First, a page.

Communist China Is Waging Digital War on the West

Communist China has been quietly embracing modern technology and harnessing such advancements in an effort to wage a digital war against the West.

Through drone tech, telecommunications companies such as Huawei, and hugely popular apps like TikTok, the Chinese Communist Party (CCP) has extended its reach far beyond the people of China.

While, historically, the Chinese government has long criticized the U.S. as imperialistic for acting as the world’s policeman, the CCP’s ambitions have grown to the point where Beijing is forming a Digital People’s Liberation Army to attack the American homeland.

Sun Tzu, the revered Chinese military strategist and author of The Art of War, once said, “It is never beneficial to a nation to have a military operation continue for a long time.”

As opposed to storming a beachhead in a distant land, China prefers to suffocate an enemy without firing a shot.

China arguably boasts the world’s largest naval fleet, though they have only one overseas naval base.

Meanwhile, the U.S. maintains hundreds of overseas military bases, including many naval bases.

For Communist China, the strategy against the West relies on technology, not troops.

Enter CCP-controlled Huawei telecommunications, DJI drones, and TikTok.

These behemoths are a blueprint for how the CCP integrates its civilian, government, and military apparatuses for purposes of espionage.

For instance, Huawei CEO Ren Zhengfei is a member of the Communist Party and served in the Chinese military. Huawei received $75 billion of government support to expand its global operations selling hardware laced with “cybersecurity risks and vulnerabilities” that allow China a backdoor into networks relying on Huawei equipment.

The company has been on a U.S. sanctions list since 2019. Recently, the FBI warned that Huawei equipment atop cell towers in the Midwest was capable of intercepting and disrupting U.S. nuclear arsenal communications. The CCP is already on American soil monitoring our most sensitive defense outposts, but that’s just the beginning.

DJI is the world’s largest civilian drone manufacturer and counts Beijing as a direct investor.

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The Department of Defense maintains that DJI drones potentially threaten national security, and efforts have been made to restrict the use of DJI drones by government agencies with various levels of success.

FCC Commissioner Brendan Carr warned that DJI collects “high-resolution images of critical infrastructure,” facial recognition information, and swaths of data from smartphones.

Yet, its drones are still used by hundreds of state and local police departments and the federal government who justify doing so because the equipment is cheap.

We’ve taken the bait and now Beijing’s trojan horse with wings is mapping the United States and collecting biometric data while China expends little effort.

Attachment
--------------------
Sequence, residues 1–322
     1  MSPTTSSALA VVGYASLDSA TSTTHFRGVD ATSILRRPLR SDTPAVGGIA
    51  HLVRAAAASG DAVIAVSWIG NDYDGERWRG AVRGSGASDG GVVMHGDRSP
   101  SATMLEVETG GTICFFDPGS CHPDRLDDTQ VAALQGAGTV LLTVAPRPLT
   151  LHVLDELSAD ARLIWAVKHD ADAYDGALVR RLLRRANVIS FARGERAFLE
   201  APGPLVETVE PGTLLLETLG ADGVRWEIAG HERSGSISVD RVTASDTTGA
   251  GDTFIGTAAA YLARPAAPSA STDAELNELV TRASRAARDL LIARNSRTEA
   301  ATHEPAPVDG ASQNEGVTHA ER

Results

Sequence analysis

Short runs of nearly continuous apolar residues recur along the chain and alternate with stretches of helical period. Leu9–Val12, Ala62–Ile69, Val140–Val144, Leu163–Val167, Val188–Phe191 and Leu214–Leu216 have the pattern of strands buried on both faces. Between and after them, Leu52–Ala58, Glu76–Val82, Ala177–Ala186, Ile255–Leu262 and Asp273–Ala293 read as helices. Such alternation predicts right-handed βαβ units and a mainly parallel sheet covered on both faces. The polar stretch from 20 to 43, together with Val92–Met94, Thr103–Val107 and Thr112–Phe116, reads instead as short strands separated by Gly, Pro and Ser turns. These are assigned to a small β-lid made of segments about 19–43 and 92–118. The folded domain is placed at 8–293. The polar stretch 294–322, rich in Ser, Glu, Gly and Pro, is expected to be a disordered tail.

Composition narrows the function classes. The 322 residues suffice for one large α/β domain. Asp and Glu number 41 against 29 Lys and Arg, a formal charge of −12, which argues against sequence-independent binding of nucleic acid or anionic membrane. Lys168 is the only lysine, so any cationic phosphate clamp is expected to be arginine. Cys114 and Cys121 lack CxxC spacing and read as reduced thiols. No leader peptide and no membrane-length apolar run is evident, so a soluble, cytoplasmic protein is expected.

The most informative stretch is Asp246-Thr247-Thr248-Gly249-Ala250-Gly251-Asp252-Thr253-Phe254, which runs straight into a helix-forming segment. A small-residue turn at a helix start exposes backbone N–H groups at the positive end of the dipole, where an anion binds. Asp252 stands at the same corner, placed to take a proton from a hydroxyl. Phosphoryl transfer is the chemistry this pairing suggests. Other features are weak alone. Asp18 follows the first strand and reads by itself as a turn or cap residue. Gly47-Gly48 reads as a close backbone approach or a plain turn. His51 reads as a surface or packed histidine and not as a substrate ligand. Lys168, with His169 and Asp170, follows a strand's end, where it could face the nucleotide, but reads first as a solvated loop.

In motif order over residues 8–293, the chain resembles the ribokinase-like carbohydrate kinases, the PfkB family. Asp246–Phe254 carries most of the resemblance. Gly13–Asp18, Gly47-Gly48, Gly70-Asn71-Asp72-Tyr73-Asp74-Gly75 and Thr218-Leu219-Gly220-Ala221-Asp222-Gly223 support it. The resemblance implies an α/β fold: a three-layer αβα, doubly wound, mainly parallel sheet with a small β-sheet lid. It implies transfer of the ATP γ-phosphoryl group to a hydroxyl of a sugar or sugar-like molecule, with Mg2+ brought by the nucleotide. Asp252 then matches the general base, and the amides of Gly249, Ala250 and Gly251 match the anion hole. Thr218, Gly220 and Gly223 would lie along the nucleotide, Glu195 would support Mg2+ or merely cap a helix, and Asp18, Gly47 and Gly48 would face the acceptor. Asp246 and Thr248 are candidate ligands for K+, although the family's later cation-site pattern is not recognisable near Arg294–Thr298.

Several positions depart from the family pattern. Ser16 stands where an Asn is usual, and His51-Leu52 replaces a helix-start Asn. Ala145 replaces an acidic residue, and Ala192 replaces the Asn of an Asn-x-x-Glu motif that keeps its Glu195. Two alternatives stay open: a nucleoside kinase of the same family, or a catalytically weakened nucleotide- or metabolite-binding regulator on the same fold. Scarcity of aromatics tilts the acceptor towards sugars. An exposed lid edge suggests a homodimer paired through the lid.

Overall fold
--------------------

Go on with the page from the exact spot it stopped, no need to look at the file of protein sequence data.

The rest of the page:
Strategically brilliant and frightening.

Lastly, ByteDance is the Beijing-backed parent company of video sharing platform TikTok.

TikTok has approximately 80 million users in the U.S., the majority of whom are between the ages of 10 and 29.

It harvests troves of user data including browsing history, geolocation data, keystroke information, financial data, social contacts, draft messages, and more.

The information can be aggregated using artificial intelligence technologies to develop sophisticated user profiles exposing individuals to blackmail and coercion.

Moreover, BuzzFeed’s reporting solidified allegations that TikTok’s American user data is routinely accessed in China.

The app is a technological honey trap, efficiently doing the work of a million Beijing spies.

The Chinese Communist Party is waging unrestricted warfare on the U.S.

According to retired Brigadier General Robert Spalding in “War Without Rules,” this involves a fusion of military and non-military tactics designed to attack our economic, social, and political systems.

Their approach is predicated on a mindset of encirclement etched into the Chinese psyche for generations by the ancient game Go, according to Henry Kissinger.

While Kissinger missed the mark on China’s intent, his assessment of their strategic thinking is accurate.

China subtly encircles enemies and lashes out if threatened with the same.

This may explain the CCP forces crossing the Yalu River to ambush U.S. forces during the Korean War or why PLA troops killed 20 Indian soldiers in a western Himalaya border dispute in June 2020.

Technology has accelerated the CCP’s ambition to supplant the U.S. as the world’s leading superpower.

While Chinese strategists have long viewed war as a resource drain, subsidized technology acts as a 21st-century digital PLA that is easily sent abroad and highly effective.

Huawei provides the ears, DJI the eyes, and TikTok the human data to triangulate intelligence about our strengths and vulnerabilities.

China is already at war with America, and we’re sinking our own ship.

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By Frank Bergman

Frank Bergman is a political/economic journalist living on the east coast. Aside from news reporting, Bergman also conducts interviews with researchers and material experts and investigates influential individuals and organizations in the sociopolitical world.

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